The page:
The result is that some of your data is trashed when that bit of the stack gets re-used for something else.

As this is C++, consider the following function prototype. void loadfile ( string filename, std::vector<double> &results );

Alright, well I figured out this solution while I was continuing working on it. Could someone brief over it and tell me if there's any memory issues?

double* loadfile (string path){
	double garray[96],temparray[192][79],firstaveragearray[96][79];
	...	
		double * address = & garray[0];
		return address; 
	
	else cout << "could not open file";
	
	return 0;
}

You are on a suicide mission with this code! However, it can be easily fixed. First, the the previous poster noted, you are allocating the array locally (to the loadfile function) and then returning a pointer to that locally allocated array. This is very, very bad. When you allocate a local array like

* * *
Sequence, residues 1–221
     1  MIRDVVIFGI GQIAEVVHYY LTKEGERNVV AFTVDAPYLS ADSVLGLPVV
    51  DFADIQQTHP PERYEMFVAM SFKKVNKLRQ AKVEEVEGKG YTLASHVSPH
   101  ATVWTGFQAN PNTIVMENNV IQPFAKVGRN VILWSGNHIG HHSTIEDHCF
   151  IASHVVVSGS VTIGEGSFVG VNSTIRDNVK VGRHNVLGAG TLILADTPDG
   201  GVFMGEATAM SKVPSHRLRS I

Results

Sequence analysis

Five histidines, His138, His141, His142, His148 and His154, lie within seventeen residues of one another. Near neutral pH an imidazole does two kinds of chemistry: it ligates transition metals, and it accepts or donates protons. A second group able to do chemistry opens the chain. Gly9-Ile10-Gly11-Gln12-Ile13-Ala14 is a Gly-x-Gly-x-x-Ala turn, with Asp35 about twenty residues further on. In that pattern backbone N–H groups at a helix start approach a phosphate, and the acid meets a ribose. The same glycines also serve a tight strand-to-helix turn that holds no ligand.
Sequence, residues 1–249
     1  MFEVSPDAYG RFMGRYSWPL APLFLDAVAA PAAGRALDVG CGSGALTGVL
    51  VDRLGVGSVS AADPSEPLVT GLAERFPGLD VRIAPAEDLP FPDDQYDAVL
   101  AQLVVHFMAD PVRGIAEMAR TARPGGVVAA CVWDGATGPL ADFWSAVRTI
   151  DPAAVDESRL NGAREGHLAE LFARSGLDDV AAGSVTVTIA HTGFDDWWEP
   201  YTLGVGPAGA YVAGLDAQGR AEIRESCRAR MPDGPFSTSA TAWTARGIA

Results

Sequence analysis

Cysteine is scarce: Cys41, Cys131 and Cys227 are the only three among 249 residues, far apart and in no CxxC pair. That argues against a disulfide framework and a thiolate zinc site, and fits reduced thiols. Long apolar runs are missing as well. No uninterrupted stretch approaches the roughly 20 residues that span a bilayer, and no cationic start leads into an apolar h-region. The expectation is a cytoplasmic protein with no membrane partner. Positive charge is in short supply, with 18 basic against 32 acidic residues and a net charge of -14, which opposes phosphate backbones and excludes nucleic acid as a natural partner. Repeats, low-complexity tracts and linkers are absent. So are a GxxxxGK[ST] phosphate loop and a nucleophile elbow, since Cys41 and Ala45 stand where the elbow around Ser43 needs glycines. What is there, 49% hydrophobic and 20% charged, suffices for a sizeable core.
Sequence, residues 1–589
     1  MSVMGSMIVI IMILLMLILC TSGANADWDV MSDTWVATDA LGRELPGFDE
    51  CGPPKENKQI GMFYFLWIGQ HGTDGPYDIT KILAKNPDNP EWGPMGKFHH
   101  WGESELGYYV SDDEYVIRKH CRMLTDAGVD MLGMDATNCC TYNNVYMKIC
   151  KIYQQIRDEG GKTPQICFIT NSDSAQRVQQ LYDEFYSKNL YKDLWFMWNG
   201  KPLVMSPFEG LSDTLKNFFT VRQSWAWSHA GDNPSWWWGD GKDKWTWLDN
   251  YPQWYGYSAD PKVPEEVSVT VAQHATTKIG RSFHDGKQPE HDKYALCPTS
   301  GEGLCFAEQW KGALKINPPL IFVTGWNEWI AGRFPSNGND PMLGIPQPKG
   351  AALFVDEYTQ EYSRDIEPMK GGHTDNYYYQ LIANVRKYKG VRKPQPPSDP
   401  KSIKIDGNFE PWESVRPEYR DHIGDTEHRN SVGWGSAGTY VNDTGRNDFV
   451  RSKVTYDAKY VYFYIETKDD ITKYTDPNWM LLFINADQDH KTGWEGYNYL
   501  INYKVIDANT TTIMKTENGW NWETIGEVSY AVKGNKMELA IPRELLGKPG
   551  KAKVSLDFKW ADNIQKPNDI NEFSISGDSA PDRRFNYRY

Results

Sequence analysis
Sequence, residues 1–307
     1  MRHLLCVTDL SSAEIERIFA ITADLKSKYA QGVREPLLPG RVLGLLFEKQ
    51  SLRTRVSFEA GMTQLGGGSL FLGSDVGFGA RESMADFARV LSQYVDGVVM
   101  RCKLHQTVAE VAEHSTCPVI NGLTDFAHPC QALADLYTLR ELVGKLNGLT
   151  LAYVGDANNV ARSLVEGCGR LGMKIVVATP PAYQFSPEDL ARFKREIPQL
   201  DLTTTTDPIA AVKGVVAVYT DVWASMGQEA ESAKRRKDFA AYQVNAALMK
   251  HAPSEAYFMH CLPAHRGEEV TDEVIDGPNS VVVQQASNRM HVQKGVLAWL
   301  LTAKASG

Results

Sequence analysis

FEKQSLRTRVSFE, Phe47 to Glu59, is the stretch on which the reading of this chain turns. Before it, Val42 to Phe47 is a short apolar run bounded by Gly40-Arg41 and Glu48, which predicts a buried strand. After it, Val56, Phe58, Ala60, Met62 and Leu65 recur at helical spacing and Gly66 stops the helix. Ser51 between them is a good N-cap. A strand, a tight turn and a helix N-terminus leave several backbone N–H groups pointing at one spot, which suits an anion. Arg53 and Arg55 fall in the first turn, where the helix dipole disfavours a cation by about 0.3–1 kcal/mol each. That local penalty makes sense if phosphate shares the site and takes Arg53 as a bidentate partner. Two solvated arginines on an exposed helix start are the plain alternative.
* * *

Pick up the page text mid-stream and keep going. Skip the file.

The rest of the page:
int localArr[10];
Inside of a function, the program reserves that memory space on the program stack. This memory is reserved only as long as the program is in that function. So, when you return a pointer to that memory, the pointer is invalid. Once the function has returned, the program can use the memory space that used to be restricted for local variabes for anything. The only reason you were getting back your values was because the program hadn't used that memory space yet, so the bits were unchanged. If you want to preserve data you need to use some sort of dynamic memory allocation like this: